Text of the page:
Despite obesity’s footed rise in the US, its youngest citizens are actually the healthiest demographic, statistically speaking. According to a recent study conducted by College Group, 80% of Millennials and Gen Zers index natural ingredients as a priority when shopping for food. Even still, 40% of Americans evidence an unhealthy body mass index.
The crisis is informed by many conflicting correlative factors. From where I sit the preponderance belongs to a conflation of diet and nutrition though some experts believe it has more to do with a shift in portion control funded by commercial food chains.
More interesting yet, a new study published in the journal Obesity Research and Clinical Practice, states that it is biologically more challenging to maintain a healthy weight now, compared to the 1980s. More discreetly: a young otherwise person that observed the exact same dietary regimen and exercise routine in 2019 as a young otherwise healthy person 20-30 years ago, would have a higher body mass index regardless. There have been secular developments over the last few decades that have altered the way we process certain foods and nutrients.
“Our study results suggest that if you are 25, you’d have to eat even less and exercise more than those older, to prevent gaining weight,” Jennifer Kuk, a professor of kinesiology and health science at Toronto’s York University, explained in a statement to York Media Relations. “However, it also indicates there may be other specific changes contributing to the rise in obesity beyond just diet and exercise.”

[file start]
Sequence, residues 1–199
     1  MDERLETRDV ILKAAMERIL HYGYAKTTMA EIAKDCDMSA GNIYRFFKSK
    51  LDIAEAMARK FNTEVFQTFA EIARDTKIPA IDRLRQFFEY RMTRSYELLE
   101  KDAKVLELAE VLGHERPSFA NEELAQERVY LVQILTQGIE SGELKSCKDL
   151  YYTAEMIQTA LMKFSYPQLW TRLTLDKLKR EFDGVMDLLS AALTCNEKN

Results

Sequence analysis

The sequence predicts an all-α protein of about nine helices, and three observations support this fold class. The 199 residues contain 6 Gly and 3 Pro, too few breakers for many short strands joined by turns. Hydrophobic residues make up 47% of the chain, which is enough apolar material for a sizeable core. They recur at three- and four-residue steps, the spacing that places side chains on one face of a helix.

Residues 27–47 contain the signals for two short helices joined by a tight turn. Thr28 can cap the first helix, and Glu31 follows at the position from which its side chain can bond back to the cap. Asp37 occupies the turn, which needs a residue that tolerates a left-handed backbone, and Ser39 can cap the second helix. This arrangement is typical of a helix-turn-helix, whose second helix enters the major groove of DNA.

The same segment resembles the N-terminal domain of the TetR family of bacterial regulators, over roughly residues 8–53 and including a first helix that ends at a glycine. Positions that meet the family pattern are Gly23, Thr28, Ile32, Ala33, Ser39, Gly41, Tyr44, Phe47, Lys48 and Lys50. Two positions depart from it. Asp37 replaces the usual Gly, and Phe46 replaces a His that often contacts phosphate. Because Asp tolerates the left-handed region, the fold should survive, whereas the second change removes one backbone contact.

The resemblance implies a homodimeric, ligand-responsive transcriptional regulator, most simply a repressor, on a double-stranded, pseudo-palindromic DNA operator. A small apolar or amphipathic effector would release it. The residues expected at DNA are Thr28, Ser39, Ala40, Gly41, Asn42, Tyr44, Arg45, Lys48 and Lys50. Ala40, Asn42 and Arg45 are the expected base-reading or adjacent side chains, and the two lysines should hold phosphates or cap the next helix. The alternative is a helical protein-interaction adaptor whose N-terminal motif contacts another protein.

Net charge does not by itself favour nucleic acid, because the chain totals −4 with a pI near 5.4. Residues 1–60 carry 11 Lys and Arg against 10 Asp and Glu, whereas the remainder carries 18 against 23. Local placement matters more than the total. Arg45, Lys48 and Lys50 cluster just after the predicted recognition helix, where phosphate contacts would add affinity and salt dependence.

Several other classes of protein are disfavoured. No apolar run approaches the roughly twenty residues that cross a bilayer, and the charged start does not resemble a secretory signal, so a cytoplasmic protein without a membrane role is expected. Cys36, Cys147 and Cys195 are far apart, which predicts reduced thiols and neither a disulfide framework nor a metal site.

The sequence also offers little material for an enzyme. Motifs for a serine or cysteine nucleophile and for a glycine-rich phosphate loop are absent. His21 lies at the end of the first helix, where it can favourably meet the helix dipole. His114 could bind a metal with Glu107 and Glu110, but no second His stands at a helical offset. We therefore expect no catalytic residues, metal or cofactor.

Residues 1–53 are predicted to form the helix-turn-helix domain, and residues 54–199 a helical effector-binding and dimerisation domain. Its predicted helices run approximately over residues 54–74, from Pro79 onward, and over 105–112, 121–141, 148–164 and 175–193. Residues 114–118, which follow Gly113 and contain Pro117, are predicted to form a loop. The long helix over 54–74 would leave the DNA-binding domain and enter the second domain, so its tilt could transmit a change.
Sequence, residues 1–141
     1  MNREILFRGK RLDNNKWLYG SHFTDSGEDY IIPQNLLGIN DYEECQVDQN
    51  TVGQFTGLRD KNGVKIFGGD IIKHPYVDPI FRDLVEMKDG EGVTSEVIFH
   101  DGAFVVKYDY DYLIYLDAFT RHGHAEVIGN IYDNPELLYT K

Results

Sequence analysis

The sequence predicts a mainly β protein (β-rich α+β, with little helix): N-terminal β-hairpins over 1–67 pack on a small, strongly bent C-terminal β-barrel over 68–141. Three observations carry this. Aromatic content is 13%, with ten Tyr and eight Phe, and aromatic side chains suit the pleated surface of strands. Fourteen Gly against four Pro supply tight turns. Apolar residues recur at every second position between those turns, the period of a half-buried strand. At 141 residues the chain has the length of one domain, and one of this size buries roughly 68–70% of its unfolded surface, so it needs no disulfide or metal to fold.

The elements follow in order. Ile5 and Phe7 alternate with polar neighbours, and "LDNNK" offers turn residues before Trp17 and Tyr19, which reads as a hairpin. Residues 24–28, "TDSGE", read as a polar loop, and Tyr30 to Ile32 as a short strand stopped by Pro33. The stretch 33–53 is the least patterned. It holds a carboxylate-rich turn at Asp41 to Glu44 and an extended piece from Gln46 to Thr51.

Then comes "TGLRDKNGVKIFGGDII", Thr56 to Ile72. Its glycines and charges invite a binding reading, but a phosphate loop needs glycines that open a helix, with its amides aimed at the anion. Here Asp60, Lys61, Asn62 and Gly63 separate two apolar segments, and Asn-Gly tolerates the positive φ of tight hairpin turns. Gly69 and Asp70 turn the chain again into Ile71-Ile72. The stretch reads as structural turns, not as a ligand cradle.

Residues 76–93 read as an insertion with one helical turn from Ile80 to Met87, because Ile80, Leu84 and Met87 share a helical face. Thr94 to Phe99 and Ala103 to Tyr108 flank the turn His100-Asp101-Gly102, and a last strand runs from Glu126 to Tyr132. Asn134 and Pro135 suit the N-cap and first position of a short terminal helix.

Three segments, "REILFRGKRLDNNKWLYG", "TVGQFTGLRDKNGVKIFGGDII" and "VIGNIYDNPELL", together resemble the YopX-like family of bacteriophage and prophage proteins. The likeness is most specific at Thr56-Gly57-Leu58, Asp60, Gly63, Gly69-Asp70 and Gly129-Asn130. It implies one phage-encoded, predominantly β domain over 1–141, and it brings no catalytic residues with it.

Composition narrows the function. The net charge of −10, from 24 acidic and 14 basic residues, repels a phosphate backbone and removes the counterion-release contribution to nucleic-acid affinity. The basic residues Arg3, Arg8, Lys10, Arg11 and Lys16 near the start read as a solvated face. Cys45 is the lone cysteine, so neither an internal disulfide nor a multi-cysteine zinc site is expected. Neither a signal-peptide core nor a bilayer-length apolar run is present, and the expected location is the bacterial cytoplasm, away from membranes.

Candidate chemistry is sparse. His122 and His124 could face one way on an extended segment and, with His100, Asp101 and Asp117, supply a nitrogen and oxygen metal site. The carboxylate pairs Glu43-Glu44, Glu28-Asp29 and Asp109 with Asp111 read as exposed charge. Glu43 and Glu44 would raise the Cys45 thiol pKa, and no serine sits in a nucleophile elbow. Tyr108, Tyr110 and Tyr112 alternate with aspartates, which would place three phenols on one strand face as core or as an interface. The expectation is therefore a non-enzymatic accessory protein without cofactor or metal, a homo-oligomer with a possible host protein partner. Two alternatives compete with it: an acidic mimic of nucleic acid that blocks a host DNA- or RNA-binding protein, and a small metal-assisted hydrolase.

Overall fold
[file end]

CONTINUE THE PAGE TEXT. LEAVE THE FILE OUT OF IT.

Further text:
To better focus their supposition, the researchers behind the new study analyzed dietary data of 35,400 Americans between the years 1971 and 2008 and the degree of physical activity acquired by 14,419 Americans between the years 1988 and 2006. They further segmented the information by way of age, portions, and BMI. Strangely, even when the quantity of physical activity, protein, fat, and macronutrient intake matched up, a person from 2006 expressed a BMI that was more than two times higher than someone from 1988. This means irrespective of diet, we are 10% heavier than previous generations.
It’s too early to locate the why definitively, but Dr. Kuk has forwarded some reasoned suspicions. One of these has been documented previously, which is the effect pesticides and preserving chemicals is having on our hormones. Kuk’s additionally interrogates the prevalence of prescription drugs-many of which caution weight gain has a side effect. Lastly, Kuk believes these factors work alongside a slew of others to fundamentally alter our gut microbes.
As previously reported by Ladders, the bacteria community that lives within us is highly influential, moth somatically and psychologically. Kuk concludes, “Factors other than diet and physical activity may be contributing to the increase in BMI over time. Further research is necessary to identify these factors and to determine the mechanisms through which they affect body weight.’
The study titled, Secular differences in the association between caloric intake, macronutrient intake, and physical activity with obesity, was published in the journal Obesity Research and Clinical Practice and was authored by Ruth E.Brown, Arya M.Sharma Chris I.Ardern, PediMirdamadi, PaulMirdamadi, Jennifer L.Kuk.